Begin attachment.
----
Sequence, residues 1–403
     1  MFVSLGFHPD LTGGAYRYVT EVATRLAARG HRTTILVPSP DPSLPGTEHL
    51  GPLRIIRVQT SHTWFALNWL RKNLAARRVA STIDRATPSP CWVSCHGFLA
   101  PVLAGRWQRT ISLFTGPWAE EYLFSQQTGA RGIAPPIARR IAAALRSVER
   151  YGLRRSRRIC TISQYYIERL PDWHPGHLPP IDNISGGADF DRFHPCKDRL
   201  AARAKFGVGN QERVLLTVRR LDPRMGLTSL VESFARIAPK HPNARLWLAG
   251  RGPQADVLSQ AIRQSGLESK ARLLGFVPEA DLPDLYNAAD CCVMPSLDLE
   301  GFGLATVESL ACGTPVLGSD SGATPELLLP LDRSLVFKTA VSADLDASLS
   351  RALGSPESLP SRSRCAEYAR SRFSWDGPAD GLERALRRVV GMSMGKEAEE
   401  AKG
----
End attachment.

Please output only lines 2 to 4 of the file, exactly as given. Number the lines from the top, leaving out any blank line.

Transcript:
     1  MFVSLGFHPD LTGGAYRYVT EVATRLAARG HRTTILVPSP DPSLPGTEHL
    51  GPLRIIRVQT SHTWFALNWL RKNLAARRVA STIDRATPSP CWVSCHGFLA
   101  PVLAGRWQRT ISLFTGPWAE EYLFSQQTGA RGIAPPIARR IAAALRSVER